(Continued from the previous issue)
When the gospel is preached and applied to the elect people of God, it is impressed on their consciousness by the inward call of the gospel, namely the work of the Holy Spirit.
In our last article, we talked about how that can and does take place when the doctrines of Scripture are proclaimed.
But the Holy Spirit works the same way in all the preaching.
When the preacher brings the admonitions of Scripture to the congregation, the Holy Spirit so impresses that Word upon the consciousness of the elect child of God that he sees his own inability to keep that Word of God, and he flees for grace to the cross of Christ.
When the threatenings of judgment are proclaimed, then the sinner hears them with trembling as the Spirit seals that Word upon his own conscious awareness of his many sins; and he seeks the cross that he may find shelter beneath its shadow.
When the preached Scriptures call to those who are burdened and weary - or thirsty for righteousness, or poor in spirit, the Holy Spirit of Christ so makes that Word a power within the elect sinner that he sees himself described just as the preaching describes him.
And when the call of the gospel comes ("Come unto me all ye that labor...."), he looks in wonder and amazement at Christ Who calls. He says, from the depths of his sorrow, "That is my name. Is He calling me? I can scarcely believe that He would call me to Himself, for my sins are very great. Yet I hear my name. I will go to Him."
But it is the spirit that applies the Word in such a way that the sinner hears Christ calling him.
This is what Jesus meant when He said, "...the sheep hear his voice: and he calleth his own sheep by name (literally: name by name), and leadeth them out."
Christ calls them by their spiritual names and they hear, by the work of the Spirit, their own names called as the Spirit impresses these spiritual names upon their consciousness.
When the promises of the gospel are proclaimed, indeed the minister does not know who are the elect and who are not. But the Holy Spirit of Christ knows. And He so works in the hearts of the elect that the blessed promises of the gospel are impressed so upon the believer's heart that he sees them in all their beauty. And when they are proclaimed to all who believe in Christ, put their trust only in Him, and flee to Him for a refuge, then the Spirit works such graces in their hearts that they lay hold on Christ, hurl themselves into His arms, and rest in the serene and overwhelming consciousness of His love.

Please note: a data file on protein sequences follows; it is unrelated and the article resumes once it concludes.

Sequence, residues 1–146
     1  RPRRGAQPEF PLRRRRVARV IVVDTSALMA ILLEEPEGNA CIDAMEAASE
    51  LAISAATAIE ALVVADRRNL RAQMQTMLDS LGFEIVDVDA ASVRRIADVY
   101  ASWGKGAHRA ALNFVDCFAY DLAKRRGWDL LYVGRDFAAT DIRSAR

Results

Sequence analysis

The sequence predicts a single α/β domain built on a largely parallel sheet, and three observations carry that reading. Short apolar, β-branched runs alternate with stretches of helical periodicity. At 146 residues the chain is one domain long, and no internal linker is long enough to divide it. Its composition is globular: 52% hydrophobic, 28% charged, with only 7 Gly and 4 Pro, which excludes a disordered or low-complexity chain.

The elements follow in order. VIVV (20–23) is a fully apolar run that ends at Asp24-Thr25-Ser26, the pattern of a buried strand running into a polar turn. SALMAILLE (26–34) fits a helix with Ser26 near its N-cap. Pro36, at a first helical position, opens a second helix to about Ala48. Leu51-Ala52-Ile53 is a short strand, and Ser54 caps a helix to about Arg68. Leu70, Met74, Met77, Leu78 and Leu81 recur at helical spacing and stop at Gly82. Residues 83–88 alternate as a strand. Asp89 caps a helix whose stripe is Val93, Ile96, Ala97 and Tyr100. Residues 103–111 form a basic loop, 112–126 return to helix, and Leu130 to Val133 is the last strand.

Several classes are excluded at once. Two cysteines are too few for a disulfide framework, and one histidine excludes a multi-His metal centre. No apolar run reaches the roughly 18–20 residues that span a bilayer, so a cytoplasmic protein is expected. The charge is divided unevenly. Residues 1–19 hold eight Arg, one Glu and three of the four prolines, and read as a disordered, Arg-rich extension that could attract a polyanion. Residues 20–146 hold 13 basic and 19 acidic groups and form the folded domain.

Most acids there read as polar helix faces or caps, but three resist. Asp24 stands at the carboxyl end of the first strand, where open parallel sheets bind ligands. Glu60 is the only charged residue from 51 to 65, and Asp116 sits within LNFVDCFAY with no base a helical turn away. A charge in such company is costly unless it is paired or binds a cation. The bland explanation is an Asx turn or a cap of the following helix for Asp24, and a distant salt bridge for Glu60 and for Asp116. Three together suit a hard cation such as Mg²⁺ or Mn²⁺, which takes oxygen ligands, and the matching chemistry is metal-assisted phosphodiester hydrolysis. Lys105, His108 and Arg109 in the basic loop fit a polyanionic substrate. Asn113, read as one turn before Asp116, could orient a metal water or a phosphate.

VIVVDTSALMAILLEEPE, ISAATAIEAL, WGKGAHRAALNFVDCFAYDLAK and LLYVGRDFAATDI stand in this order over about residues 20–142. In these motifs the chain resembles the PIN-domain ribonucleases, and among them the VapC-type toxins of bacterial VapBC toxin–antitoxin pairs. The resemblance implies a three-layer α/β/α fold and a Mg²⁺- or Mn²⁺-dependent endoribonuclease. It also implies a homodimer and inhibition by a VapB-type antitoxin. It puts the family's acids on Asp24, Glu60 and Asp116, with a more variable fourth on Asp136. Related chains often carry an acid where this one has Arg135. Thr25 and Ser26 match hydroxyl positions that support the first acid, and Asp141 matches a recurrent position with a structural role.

The address of the gospel is the work of the Spirit.
Several things ought to be apparent.
First of all, this all has much to say about how we ought to hear. Scripture urges upon us the admonition: "Be careful how you hear." When we listen so that we hear Christ speak, and eagerly lend our ears to see what He has to say, we truly hear Him. And when we listen to what He has to say, we indeed hear Him speak to us - in such a personal and intimate way that there is no escaping what He says. And when we listen to what He says in obedience and faith, then His love and peace fill our souls.
Secondly, this is how Jesus Himself draws His people to Himself. "All that the Father giveth me shall come to me: and him that cometh to me I will in no wise cast out" (John 6:37). And: "No man can come to me, except the Father which hath sent me draw him: and I will raise him up at the last day. It is written in the prophets, "And they shall be all taught of God. Every man therefore that hath heard, and hath learned of the Father cometh unto me" (John 6:44,45).
- Volume: 5
- Issue: 20
Prof. Herman Hanko (Wife: Wilma)
Ordained: October 1955
Pastorates: Hope, Walker, MI - 1955; Doon, IA - 1963; Professor to the Protestant Reformed Seminary - 1965
Emeritus: 2001Website: www.sermonaudio.com/search.asp?speakeronly=true&currsection=sermonsspeaker&keyword=Prof._Herman_Hanko
Address725 Baldwin Dr. B-25
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